May 24, 2013

Doctors That Are Unable to Communicate

Ouch, double ouch! When doctors and others openly criticize others is a public arena, it often is not pretty. And one mistake does not another prevent. I have followed this discussion carefully after I first read it. Often I would have offered a comment as a patient, but for once, I listened to my inner self telling me not to go there.

I do not understand the total lack of communication by the blog author. This is very evident and several of the comments point this out. I do also have a concern about several unsaid things in the blog. Was the blogger doctor waiting for the PA (physician assistant) to make a mistake? In hindsight, this may have been intended as no communication was done

It is known that many MD's have no use for PA's or NP's, but to attempt to sabotage them or put them is a bad light is no excuse. With the potential shortage coming of primary care physicians, it would seem prudent not to antagonize other professionals even though you don't respect them.

This blog has led to many comments, twists, and turns. I think we need to look past this doctor's “qualifications” and her self importance to what was she really trying to accomplish in her instructions to the patient. Dinosaur MD had to know that the physician assistant was on duty and was planning what the doctor described in her tirade about the PA.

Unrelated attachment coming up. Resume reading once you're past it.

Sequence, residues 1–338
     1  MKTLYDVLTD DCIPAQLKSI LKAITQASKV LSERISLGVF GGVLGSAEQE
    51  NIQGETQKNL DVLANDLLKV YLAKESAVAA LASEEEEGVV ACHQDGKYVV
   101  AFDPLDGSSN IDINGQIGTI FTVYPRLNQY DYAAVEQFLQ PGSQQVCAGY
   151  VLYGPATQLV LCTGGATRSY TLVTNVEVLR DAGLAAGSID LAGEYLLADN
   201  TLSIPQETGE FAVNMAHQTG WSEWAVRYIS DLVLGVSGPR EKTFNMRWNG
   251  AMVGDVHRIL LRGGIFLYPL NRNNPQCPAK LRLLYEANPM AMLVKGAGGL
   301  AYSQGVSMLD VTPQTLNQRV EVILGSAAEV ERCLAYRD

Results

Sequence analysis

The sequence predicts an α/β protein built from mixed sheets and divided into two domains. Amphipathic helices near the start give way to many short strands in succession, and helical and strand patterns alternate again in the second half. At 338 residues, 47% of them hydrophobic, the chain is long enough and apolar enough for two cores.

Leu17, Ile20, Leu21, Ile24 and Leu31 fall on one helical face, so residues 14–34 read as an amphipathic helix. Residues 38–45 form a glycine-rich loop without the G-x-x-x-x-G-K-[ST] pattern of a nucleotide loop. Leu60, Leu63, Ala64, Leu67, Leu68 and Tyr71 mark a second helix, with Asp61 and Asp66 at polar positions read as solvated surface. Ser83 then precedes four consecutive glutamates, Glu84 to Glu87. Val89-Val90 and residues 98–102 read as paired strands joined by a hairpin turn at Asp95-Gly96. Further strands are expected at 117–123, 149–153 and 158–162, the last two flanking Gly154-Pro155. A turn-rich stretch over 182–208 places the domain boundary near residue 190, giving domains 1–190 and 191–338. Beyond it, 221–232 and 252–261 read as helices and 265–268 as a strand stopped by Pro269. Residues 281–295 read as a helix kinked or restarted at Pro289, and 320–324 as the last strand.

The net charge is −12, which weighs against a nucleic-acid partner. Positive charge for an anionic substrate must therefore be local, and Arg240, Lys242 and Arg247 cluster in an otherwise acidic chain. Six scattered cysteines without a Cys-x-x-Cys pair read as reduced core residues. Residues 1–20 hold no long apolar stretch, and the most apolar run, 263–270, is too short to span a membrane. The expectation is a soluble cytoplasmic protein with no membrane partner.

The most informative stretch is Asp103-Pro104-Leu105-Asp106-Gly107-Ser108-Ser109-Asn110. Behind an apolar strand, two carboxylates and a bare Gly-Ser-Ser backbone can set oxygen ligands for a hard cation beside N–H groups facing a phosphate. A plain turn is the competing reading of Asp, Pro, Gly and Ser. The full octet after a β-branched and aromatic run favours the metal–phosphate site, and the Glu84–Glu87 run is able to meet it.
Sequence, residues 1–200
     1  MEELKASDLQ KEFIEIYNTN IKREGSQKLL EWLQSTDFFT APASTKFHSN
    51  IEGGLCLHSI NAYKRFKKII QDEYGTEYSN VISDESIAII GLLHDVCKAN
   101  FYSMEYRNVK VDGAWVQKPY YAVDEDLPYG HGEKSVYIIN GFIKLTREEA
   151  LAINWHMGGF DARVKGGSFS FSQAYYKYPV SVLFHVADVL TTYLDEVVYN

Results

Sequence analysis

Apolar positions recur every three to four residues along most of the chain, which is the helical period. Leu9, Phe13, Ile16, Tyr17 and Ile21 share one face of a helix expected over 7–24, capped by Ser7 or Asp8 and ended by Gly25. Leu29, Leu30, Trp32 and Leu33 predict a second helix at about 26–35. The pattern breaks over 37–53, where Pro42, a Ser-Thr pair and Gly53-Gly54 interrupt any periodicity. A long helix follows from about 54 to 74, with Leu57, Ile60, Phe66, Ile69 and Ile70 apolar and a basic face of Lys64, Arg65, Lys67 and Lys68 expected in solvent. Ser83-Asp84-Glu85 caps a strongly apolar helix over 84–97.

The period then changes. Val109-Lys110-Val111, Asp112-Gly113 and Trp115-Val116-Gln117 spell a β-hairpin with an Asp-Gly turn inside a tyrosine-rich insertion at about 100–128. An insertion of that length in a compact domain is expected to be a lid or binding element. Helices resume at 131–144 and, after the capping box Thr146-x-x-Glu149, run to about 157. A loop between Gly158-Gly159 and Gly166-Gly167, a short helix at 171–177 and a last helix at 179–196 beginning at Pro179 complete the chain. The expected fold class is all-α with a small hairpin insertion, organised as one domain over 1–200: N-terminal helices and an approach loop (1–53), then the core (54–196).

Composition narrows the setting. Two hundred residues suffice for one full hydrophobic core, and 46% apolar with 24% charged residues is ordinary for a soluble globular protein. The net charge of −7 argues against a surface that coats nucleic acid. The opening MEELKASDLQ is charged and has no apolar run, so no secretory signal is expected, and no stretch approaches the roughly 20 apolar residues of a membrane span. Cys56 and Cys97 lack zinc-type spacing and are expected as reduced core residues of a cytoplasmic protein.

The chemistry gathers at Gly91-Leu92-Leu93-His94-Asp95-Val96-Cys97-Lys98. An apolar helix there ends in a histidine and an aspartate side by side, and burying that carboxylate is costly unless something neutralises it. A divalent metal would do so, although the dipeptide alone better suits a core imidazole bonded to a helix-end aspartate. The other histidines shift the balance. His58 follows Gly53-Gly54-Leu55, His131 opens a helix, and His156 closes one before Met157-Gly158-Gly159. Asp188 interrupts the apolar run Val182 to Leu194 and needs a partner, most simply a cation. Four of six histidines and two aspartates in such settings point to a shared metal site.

I must blame the MD for not knowing what she supposedly knew and ask why she did not admit the patient to the hospital for observation and ongoing medication. But knowing what she did know, decided this was an excellent time to show up the PA.

Her blog is well titled and especially the name she writes under. We need less dinosaur MDs and more communicative doctors that treat patients properly. When she sent the patient to the emergency department, she should have made a call to the person on duty and explained what was about to happen and the opinion of the hand surgeon and her thoughts. This would have been the proper procedure rather than backstabbing a PA.

May 23, 2013

What Patients Desire From Mobile Apps

This is a great blog on mobile apps. Please read it at your leisure. There are some additional cautions I would add to what the author says. If you think I am on my own crusade to warn people about mobile apps, you would be right.